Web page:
GALLARDO: Green dots are the ones that you cover?
BRANDINI: Oh, there's green. There's yellow. They're different insurance companies.
GALLARDO: When a fire breaks out, Chris and his team will get a call over the radio.
UNIDENTIFIED PERSON #1: That will show us exactly where the fire is.
BRANDINI: Did you just hear that?
VANEK SMITH: What does it say?
BRANDINI: This is a vegetation fire in Oxnard (ph).
VANEK SMITH: OK. This is just coming up on your phone.
BRANDINI: Just came up just now.
VANEK SMITH: This is on an app.
UNIDENTIFIED PERSON #2: ...On Rice (ph).
BRANDINI: Yep. See - did you hear? On Rice. Did you hear? He just said it's on Rice.
UNIDENTIFIED PERSON #3: ...Twenty-three.
VANEK SMITH: Turns out they didn't need to respond; the fire was already being taken care of. But when they do need to respond, Chris and his team will spring into action, drive up to the area near the fire, find the houses they are responsible for - the green and yellow dots - and do something he calls a hot lap, which involves going around the house and clearing away all the flammable brush and spraying special flame-retardant foam around the house.
GALLARDO: If the fire comes closer to the house, Chris and his team will fight the fire, sometimes alongside the publicly funded guys, using most of the same equipment firefighters do - big jacket, helmet, axe, first-aid kit.
BARBEE: You know, pocket snacks, man, they get you through the day.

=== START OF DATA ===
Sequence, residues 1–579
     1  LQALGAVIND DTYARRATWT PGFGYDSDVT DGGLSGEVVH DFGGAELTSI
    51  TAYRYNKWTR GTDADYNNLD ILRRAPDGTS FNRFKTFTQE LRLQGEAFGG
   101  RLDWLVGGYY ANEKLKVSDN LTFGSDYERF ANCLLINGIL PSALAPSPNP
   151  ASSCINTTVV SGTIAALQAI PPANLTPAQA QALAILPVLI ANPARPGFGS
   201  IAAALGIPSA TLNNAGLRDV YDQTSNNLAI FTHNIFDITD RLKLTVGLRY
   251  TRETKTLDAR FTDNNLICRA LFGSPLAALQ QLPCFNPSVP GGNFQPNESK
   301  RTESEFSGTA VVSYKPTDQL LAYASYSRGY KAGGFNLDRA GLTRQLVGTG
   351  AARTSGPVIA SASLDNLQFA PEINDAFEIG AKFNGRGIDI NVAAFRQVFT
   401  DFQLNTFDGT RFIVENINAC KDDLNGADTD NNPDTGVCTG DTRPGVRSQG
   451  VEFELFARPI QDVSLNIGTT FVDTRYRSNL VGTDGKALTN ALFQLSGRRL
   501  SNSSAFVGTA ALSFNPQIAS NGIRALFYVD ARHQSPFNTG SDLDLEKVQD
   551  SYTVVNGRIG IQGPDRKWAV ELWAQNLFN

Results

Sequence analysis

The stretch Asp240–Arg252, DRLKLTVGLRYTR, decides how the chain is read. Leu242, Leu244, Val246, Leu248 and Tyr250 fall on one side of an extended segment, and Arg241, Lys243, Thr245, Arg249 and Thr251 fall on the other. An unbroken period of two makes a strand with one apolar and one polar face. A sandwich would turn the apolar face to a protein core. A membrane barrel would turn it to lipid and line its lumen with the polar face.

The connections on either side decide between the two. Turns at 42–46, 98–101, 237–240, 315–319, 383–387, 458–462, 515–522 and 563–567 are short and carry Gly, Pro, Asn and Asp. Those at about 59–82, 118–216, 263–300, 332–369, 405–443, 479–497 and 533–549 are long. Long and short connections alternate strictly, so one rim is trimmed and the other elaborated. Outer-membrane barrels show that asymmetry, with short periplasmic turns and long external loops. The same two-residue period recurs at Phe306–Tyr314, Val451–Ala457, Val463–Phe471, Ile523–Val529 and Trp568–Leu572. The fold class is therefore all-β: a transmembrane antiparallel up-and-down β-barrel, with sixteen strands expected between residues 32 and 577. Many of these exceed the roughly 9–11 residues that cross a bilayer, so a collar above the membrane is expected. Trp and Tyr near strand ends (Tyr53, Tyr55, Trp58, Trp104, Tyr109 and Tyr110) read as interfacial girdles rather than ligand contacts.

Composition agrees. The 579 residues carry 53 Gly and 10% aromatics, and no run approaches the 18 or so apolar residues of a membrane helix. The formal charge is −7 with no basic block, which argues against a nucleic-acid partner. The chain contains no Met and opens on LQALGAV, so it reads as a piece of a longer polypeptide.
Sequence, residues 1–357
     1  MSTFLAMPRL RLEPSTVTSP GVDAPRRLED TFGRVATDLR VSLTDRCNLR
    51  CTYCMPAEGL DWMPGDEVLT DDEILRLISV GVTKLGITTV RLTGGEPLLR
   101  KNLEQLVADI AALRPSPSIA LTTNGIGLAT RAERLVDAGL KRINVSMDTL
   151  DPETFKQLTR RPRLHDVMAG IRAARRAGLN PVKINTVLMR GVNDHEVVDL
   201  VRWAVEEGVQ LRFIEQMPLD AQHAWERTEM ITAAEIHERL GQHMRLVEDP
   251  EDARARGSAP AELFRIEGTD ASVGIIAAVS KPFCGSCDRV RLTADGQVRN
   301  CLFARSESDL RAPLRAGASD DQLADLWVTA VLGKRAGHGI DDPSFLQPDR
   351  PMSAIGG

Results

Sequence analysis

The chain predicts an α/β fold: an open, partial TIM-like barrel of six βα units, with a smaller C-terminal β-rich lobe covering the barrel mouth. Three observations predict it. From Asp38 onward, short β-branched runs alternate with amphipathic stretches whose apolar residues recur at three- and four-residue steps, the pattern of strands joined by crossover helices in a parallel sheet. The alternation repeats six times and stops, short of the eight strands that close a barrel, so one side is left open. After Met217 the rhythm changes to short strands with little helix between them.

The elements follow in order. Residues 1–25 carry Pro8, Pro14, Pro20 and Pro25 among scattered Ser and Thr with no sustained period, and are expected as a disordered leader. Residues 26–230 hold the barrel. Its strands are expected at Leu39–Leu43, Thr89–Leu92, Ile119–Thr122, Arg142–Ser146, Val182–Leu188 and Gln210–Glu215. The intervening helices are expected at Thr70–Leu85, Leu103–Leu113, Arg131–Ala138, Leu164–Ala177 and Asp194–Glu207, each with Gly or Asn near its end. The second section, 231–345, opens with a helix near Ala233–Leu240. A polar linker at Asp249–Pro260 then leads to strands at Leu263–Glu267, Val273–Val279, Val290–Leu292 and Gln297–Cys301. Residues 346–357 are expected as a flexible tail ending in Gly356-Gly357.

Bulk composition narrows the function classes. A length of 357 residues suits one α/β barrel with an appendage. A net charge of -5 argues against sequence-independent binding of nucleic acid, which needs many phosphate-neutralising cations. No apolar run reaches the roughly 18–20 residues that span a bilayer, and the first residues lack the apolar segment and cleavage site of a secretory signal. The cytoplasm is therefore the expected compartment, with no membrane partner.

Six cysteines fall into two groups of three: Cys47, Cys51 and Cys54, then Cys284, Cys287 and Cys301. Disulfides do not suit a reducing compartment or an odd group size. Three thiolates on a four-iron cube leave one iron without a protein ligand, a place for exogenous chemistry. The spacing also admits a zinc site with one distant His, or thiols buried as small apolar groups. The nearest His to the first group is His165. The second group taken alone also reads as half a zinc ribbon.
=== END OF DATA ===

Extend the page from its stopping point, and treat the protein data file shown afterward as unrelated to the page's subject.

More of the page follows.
VANEK SMITH: Is that right? Is that, like, important - the pocket snacks?
BRANDINI: Oh, yeah. Sometimes when you go to a fire, we left - we were 42 hours or something like that. We were out on...
BARBEE: Yeah, we were 42 hours. Came home, showered, shaved, slept a couple hours, came back out.
VANEK SMITH: Just like the publicly funded guys. But there is one major difference - if a house is not one of the green or yellow dots on Chris' computer screen, they leave it alone.
BRANDINI: Like I said, if the house isn't on my list, I'm not going to go there. It's tough. It's tough, I think.
VANEK SMITH: Chris is quick to say that the insurance companies have sent them to trailer parks to fight fires there, also to very modest homes; it's not just giant mansions they're protecting. And he says they'll often protect homes in the immediate vicinity of the insured homes because, you know, if those homes catch fire, it threatens the insured home. And he says, he and his team have saved a lot of houses.